Posts Tagged 'election'

Live from Kuwait: …democratization?

By: Jon Nordenson

There’s never a dull moment in Kuwaiti politics, but the last few days have been exceptional. In an unprecedented verdict, the constitutional court last week deemed the dissolution of the previous parliament unconstitutional, and reinstated it. Thus; the 2012 elections were declared null and void, and the oppositional parliament it produced is to be replaced by the less oppositional 2009-parliament. However, last night, thousands of protesters begged to differ; they even demanded a full parliamentary system. Are we witnessing a transition towards a more democratic system in Kuwait?

As I have written earlier, Kuwaiti politics have been in a state of constant crisis since Sheykh Nasir al-Muhammad’s ascendance to the premiership in 2006. A campaign (or rather several campaigns) to oust him eventually succeeded last winter, and Sheykh Jabir al-Mubarak replaced him. Then the parliament was dissolved, and new elections called for. These elections produced a clear oppositional majority in the new parliament, which now has been dissolved. The term “oppositional majority” might sound somewhat strange, but this stems from the fact that the government in Kuwait is appointed, not formed based on a parliamentary majority. Thus, the situation was that the majority of the parliament was seen as oppositional towards the government.

This parliamentary majority did, not surprisingly, continue to question government ministers, though not in such a harsh way as before. This may not be surprising either; if they had gone too far, the Emir might have dissolved parliament (as has happened many times before when the opposition question ministers), and all their electoral gains would have been lost. Nevertheless, the government seems to have viewed the situation as quite problematic; before the ruling of the constitutional court, the Emir issued a decree suspending parliamentary activities for a month (which would have lasted until their summer holiday, effectively suspending parliamentary activities until October).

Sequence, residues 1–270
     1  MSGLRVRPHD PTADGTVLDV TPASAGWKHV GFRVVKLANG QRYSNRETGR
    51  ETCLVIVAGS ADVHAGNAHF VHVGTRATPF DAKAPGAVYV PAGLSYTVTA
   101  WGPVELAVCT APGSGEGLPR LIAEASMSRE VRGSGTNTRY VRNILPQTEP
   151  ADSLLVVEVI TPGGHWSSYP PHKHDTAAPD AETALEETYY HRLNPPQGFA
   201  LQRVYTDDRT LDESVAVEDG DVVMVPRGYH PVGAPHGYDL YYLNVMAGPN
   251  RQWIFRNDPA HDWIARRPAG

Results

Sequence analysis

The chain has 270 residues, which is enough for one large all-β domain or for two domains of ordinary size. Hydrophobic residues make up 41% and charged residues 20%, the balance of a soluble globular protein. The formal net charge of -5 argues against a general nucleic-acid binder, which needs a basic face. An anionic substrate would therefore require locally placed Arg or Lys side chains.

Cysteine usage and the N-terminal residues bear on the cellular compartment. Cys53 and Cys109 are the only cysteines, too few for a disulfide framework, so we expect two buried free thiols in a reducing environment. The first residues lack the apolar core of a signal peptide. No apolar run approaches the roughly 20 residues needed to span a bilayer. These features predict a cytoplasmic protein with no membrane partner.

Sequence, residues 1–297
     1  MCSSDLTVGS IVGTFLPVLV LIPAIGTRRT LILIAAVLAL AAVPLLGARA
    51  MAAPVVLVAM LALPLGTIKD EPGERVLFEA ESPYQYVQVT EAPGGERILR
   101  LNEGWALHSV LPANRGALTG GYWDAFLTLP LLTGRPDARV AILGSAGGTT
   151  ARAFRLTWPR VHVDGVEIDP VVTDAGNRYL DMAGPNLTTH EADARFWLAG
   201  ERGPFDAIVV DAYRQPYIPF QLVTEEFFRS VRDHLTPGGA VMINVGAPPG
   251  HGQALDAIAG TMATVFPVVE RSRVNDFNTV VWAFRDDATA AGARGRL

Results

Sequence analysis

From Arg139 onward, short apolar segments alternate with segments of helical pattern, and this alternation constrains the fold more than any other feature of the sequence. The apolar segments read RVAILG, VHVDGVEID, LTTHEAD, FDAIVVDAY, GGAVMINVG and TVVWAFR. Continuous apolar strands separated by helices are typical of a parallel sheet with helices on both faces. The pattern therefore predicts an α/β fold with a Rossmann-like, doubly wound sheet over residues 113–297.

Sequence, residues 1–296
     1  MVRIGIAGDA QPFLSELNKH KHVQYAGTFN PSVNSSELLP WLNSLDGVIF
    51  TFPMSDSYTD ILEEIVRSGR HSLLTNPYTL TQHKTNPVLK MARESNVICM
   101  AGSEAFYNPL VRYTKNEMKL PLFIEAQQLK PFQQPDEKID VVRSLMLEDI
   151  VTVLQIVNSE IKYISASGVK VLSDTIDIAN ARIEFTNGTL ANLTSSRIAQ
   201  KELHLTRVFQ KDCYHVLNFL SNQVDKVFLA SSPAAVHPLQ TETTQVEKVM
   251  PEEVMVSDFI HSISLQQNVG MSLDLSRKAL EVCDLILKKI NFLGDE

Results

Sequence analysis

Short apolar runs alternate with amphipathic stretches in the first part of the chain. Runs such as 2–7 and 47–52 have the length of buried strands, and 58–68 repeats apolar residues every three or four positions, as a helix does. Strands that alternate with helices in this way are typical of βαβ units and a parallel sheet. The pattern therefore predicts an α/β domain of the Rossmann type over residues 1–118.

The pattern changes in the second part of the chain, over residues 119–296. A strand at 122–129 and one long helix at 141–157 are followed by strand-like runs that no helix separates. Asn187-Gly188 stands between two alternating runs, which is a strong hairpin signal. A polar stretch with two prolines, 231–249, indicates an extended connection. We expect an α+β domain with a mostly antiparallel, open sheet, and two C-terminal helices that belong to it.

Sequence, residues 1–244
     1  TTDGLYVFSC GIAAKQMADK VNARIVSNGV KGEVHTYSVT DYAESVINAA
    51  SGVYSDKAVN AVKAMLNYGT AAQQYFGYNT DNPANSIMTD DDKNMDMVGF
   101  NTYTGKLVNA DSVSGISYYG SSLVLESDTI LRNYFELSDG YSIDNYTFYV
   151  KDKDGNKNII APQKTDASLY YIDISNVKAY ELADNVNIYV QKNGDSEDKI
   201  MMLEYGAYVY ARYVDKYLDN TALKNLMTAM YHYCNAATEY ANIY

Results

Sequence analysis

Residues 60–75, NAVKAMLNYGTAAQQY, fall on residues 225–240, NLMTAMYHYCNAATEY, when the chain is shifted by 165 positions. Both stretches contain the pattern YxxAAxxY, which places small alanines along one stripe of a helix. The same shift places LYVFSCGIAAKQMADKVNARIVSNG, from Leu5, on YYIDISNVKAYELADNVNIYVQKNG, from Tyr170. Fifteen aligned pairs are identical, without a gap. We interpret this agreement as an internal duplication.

Then came the ruling of the constitutional court, which is final. Their argument was that the Emir dissolved the 2009-parliament following Sheykh Nasir al-Muhammad’s resignation, but before Sheykh Jabir al-Mubarak had formed a new Government. Thus, the dissolution took place without a Government, which is unconstitutional. What is supposed to happen next is as follows; the current Government resigns (which it did yesterday), a new Government corresponding to the 2009 parliament is formed, former speaker of parliament Jasim al-Khurafi resumes his work, reconvenes the 2009 parliament, and they continue until their term expires in 2013. However, this is not likely to happen, as a majority of the 2009 parliament protest the court’s verdict and refuses to reconvene. Thus, as described by al-Qabas newspaper today, the most likely scenario is as follows; a new government is formed, the old parliament is reconvened but unable to perform its duties, the government asks the Emir to dissolve it, and new elections are held. Again.

The oppositional majority of the 2012 parliament has staunchly opposed the court’s verdict, deeming it political and unconstitutional. As mentioned, a rally was held outside parliament last night, under the heading “we won’t surrender”, drawing thousands of people (estimates vary, but most place the number at between 30 000 and 40 000). A new movement has also been launched; the “return of the majority”-movement. However, the most remarkable thing about last night’s rally was not the protest against the verdict or the rather impressive turnout; it was the demands put forward by the MPs (demands that have also been launched in the media by the same MPs): a full parliamentary system, with an elected Government, and Kuwait as a constitutional monarchy. These demands have been raised by youth movements for well over a year, but now a majority of the (ousted) MPs support them as well. Seemingly, the struggle for democratization in Kuwait has taken a big leap forward. There are, however, several factors at play one should bear in mind: